John Watson Barr
|John Watson Barr|
|Justice of the United States District Court for the District of Kentucky|
April 16, 1880 – February 21, 1899
|Nominated by||Rutherford B. Hayes|
|Preceded by||William H. Hays|
|Succeeded by||Walter Evans|
December 17, 1826|
|Died||December 31, 1907
|Resting place||Cave Hill Cemetery|
|Spouse(s)||Susan P. Rogers|
|Alma mater||Transylvania University|
|Battles/wars||American Civil War|
Early life and family
John Watson Barr was born in Versailles, Kentucky on December 17, 1826. He was the son of William and Ann (Watson) Barr. His father was a merchant who worked in both Versailles and Louisville, Kentucky.
Barr received his early education from private tutors and private schools in Woodford County. He then matriculated to Transylvania University to study law. Upon his graduation in 1847 he commenced practice in Versailles. In 1854, he moved to Louisville and formed a law firm with Joseph B. Kinkead. After eight years, the two dissolved the partnership by mutual consent, but remained friends. Barr continued in private practice until 1864, when he formed a new law firm with John Kemp Goodloe.
On November 23, 1859, Barr married Susan P. Rogers. The couple had seven children – John W. Barr, Jr., Anna W. Barr, Caroline H. Barr, Susan R. Barr, Josephine P. Barr, Elise R. Barr, and Jason Rogers Barr. The family attended College Street Presbyterian Church.
Barr had begun advocating the gradual abolition of slavery as early as 1849. When the Civil War commenced, he helped organize the Kentucky Home Guard and served as adjutant general of the Louisville brigade. He was also involved in the organization of several Union regiments in Kentucky. After the war, Barr returned to his law practice. In 1868, Alexander Pope Humphrey joined the firm, which continued until Barr's appointment to a federal judgeship in 1880.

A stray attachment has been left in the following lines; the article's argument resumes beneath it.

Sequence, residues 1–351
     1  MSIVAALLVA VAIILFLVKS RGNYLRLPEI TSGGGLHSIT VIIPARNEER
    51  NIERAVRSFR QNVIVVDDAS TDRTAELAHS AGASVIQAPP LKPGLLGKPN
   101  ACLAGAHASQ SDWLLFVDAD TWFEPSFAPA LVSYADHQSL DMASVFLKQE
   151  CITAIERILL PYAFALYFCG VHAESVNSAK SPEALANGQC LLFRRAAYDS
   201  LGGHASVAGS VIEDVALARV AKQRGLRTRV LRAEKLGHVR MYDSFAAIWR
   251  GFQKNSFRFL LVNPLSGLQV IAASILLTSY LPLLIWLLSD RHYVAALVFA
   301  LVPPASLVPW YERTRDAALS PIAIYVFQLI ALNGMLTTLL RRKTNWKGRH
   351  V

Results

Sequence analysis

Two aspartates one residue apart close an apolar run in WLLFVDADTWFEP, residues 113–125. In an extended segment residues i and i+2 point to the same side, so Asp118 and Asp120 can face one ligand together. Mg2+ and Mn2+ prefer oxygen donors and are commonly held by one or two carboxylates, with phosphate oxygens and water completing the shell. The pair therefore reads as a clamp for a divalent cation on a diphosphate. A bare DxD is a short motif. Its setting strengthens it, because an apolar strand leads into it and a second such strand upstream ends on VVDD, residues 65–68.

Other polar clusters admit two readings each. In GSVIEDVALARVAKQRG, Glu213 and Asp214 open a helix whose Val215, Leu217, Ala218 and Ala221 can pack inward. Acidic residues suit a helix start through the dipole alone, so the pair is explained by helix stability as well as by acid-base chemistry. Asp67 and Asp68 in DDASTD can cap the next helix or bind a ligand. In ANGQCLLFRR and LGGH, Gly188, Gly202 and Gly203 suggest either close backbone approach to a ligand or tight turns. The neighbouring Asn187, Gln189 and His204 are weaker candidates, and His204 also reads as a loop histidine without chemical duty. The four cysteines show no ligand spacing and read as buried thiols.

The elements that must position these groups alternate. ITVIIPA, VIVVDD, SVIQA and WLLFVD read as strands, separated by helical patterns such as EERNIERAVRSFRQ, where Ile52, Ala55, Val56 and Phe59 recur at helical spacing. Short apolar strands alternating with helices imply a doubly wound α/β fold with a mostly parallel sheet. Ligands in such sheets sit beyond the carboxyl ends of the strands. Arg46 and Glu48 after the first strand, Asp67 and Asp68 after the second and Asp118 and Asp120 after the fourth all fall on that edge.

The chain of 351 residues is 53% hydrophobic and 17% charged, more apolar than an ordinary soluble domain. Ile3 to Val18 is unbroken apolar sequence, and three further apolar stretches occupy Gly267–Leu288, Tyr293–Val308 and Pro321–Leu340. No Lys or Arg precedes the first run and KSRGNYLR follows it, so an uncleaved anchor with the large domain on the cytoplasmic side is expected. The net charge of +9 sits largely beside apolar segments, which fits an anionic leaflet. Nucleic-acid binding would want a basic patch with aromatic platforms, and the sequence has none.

Like his father, Barr was associated with the Whig Party in his early life. Following the dissolution of the Whig Party, he joined the Democratic Party. After the formation of the Republican Party, he fervently adhered to that party.
From 1868 to 1870, Barr served as president of the Board of Louisville Sinking Fund Commissioners and served several terms on the Louisville City Council. For twenty years, he was director of the Bank of Kentucky.
On April 9, 1880, President Rutherford B. Hayes nominated Barr to the U.S. District Court for the District of Kentucky, replacing William H. Hays. He was confirmed by the United States Senate on April 16, 1880, and received his commission the same day.
- "John Watson Barr". History of the Sixth Circuit
- Biographical Cyclopedia, p. 37
- Biographical Cyclopedia, p. 38
- Biographical Cyclopedia of the Commonwealth of Kentucky. Chicago, Illinois: J.M. Gresham Company. 1896.
- "John Watson Barr (1826-1907)". History of the Sixth Circuit. United States Court of Appeals for the Sixth Circuit. Retrieved 2011-05-29.
- John Watson Barr at the Biographical Directory of Federal Judges, a public domain publication of the Federal Judicial Center.
|Judge of the United States District Court for the District of Kentucky